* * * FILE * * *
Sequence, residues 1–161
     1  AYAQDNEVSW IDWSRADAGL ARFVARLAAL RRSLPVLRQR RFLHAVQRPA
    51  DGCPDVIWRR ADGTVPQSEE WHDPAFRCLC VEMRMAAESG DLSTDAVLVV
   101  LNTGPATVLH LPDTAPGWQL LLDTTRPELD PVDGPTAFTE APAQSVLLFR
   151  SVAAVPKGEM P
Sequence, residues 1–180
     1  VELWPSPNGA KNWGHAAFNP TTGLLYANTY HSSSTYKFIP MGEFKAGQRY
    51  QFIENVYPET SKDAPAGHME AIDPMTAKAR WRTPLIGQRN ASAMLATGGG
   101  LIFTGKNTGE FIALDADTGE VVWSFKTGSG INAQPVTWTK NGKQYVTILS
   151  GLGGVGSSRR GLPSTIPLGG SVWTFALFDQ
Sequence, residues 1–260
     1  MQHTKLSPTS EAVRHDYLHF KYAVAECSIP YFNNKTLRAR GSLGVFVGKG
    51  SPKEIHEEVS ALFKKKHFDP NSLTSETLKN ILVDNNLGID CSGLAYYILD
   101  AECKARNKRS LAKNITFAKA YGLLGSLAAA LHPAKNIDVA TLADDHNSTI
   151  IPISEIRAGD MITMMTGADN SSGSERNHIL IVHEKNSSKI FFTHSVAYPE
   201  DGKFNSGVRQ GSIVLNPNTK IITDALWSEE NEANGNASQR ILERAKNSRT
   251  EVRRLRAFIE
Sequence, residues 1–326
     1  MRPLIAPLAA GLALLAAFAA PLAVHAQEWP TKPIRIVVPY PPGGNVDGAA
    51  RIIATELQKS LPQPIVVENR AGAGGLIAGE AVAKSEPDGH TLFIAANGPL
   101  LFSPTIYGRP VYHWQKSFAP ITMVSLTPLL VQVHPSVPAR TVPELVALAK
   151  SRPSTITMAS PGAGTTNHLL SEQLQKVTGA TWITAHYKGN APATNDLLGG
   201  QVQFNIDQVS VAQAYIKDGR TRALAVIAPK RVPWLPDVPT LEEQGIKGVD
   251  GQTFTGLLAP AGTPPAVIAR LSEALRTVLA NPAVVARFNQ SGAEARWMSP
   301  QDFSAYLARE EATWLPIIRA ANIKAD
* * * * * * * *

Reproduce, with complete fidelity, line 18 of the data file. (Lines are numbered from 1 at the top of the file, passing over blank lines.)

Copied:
Sequence, residues 1–326